Contributed by Cheng-Wei Lin, Ph.D. candidate; Department of Chemistry and Biochemistry, University of California, Los Angeles; Bu Wang Ph.D.; Department of Civil and Environmental Engineering, University of California, Los Angeles; Richard Kaner, Distinguished Professor; University of California, Los Angeles; and Gaurav Sant, Associate Professor, University of California, Los Angeles

 

Scientists and engineers at the University of California, Los Angeles (UCLA) are developing an innovative way of embedding carbon dioxide (CO2) into concrete. Specifically, the process secures CO2 produced by power plants, cement plants, and other point-source emitters, and embeds it into 3D-printed building materials and components. The work seeks to mitigate the CO2 impact of cement production [N.B.: upon mixing with sand, stone and water, cement forms a “composite” referred to as ‘concrete’], which currently accounts for nearly 9 percent of anthropogenic CO2 emissions. In light of the ever-increasing demand for concrete worldwide (e.g., in China and India), it is crucial, now more than ever, to address the environmental impact of this ubiquitous building material.

 

fig-1.pngTo alleviate the CO2 emissions associated with cement production – the most CO2-intensive component in concrete – we designed a closed-loop process for manufacturing building materials as shown in Figure 1 [1]. First, quarried limestone (CaCO3) is calcined to produce lime (CaO) – a process that releases the mineralized CO2 embedded within it. Second, lime is reacted with water to form portlandite (Ca(OH)2), which is then mixed into slurry with sand, mineral aggregates, water, and performance modifying agents. The slurry can be formed into modular structural elements, such as beams and columns, using advanced shape stabilization methods like 3D printing. Finally, the shaped-stabilized structural elements are reacted with the CO2 released during calcination, or from other point-source emitters (e.g., coal and natural gas power plants) to produce the building components from CO2NCRETETM. This process of re-embedding mineralized CO2 within building materials not only reduces the effective CO2 emissions creating a cementing agent with greatly reduced CO2 impact, but also acts to reduce the impacts of electricity generation using fossil-fuels.

 

Though a related year-long approach has been attempted recently in Iceland, our team at UCLA was able to accelerate the carbonation process at near-ambient conditions in terms of temperature and pressure, thereby offering new, beneficial routes for the practical and economical use of CO2. In addition, by sourcing lime from industrial alkaline waste streams, a negative life-cycle carbon footprint can be achieved. This technology seeks to re-imagine how we perceive and address the emissions of greenhouse gases (GHGs) associated with process intensive industries today.

 

Beyond the realization of a new building material, the broader “Carbon Upcycling” effort emphasizes a vital need for technology integration and value creation. While membrane technologies are used for the capture and enrichment of CO2, 3D printing has proven an efficient method to fabricate building components like beams, columns and slabs. But 3D printing has not yet impacted the construction industry despite its aggressive adoption by various industries and even for personal use. Therefore, as a lab scale proof-of-concept, our team at UCLA has 3D-printed a beam several centimeters in length, composed of our new construction material. The Lego-like 3D-printed building blocks offer greater design flexibility and ease in on-site assembly, offering newfound efficiency for construction operations. The present challenge lies in scaling 3D printing building blocks up from centimeters to meters in size, and then to tens of meters as required for practical buildings, roads and bridges.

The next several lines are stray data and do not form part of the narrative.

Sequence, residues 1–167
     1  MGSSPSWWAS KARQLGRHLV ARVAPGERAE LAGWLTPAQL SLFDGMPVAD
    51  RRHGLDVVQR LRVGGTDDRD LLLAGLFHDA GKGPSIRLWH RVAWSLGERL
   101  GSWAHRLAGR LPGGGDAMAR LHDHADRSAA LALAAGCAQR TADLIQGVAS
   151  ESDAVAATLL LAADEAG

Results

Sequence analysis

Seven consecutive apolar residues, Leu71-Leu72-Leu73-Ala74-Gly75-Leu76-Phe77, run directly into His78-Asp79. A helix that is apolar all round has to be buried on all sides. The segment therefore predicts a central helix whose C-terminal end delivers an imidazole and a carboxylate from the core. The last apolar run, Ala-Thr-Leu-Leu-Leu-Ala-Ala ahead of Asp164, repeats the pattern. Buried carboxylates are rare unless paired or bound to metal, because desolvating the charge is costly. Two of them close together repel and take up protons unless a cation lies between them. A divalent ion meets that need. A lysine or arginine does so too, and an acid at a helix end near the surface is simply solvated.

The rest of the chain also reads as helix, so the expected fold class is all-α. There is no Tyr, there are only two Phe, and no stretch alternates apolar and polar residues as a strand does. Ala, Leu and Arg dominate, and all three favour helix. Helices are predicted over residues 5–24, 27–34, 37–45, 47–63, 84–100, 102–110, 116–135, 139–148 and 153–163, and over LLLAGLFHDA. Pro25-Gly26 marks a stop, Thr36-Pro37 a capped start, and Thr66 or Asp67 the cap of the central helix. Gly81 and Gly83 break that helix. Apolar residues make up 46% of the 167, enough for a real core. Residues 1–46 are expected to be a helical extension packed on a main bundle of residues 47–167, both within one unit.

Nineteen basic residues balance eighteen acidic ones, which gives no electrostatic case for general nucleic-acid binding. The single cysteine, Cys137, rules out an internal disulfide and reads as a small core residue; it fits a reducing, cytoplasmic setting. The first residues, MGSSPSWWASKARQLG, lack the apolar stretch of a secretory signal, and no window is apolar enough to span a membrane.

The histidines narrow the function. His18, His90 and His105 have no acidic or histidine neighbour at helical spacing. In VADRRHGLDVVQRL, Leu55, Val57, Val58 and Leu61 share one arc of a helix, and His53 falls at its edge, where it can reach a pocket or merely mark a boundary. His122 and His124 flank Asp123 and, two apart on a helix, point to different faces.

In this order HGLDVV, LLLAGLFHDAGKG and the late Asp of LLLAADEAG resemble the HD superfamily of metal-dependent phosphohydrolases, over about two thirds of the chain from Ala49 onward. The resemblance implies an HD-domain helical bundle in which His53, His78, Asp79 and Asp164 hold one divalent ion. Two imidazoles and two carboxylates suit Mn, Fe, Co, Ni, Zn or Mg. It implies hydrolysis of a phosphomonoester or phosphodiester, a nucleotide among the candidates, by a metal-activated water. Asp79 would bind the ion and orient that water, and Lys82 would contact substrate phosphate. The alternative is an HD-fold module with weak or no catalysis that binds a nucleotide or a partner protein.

fig-2.png

Our “Carbon Upcycling” team – comprised of an interdisciplinary group of UCLA researchers led by Gaurav Sant, Associate Professor; Henry Samueli, Fellow in Civil and Environmental Engineering; Richard Kaner, Distinguished Professor in Chemistry & Biochemistry and Materials Science & Engineering; Laurent Pilon, Professor in Mechanical & Aerospace Engineering and Bioengineering; J. R. DeShazo, Professor of Public Policy at the Luskin School of Public Affairs; and Mathieu Bauchy, Assistant Professor of Civil & Environmental Engineering – has recently advanced to the semi-finals of the NRG COSIA Carbon XPRIZE competition. This competition challenges and stimulates people to respond to the global issue of CO2 emission. As such, our team is in the midst of transitioning its technology from the laboratory-scale to the pilot-scale by demonstrating the ability to scale up: (1) CO2 separation and enrichment, (2) the carbonation of large volumes of portlandite, and (3) the size of the 3D printed CO2NCRETETM building blocks – all while minimizing the overall consumption of water and electricity.

 

Our team has made substantial progress so far, and seeks to make transformative contributions to how CO2 management is approached by the construction sector. Indeed, this style of breakthrough advancement can only be realized when a highly motivated team from different disciplines comes together to solve important problems of global and societal relevance. We look forward to bringing sustainable building materials like CO2NCRETETM to fruition, an outcome enabled and promoted by green chemistry at large.

 


[1] K. Vance, G. Falzone, I. Pignatelli, M. Bauchy, M. Balonis, G.Sant, “Direct Carbonation of Ca(OH)2 Using Liquid and Supercritical CO2: Implications for Carbon-Neutral Cementation,” Industrial & Engineering Chemistry Research. 2015, 54(36), 8908-8918.

 

 

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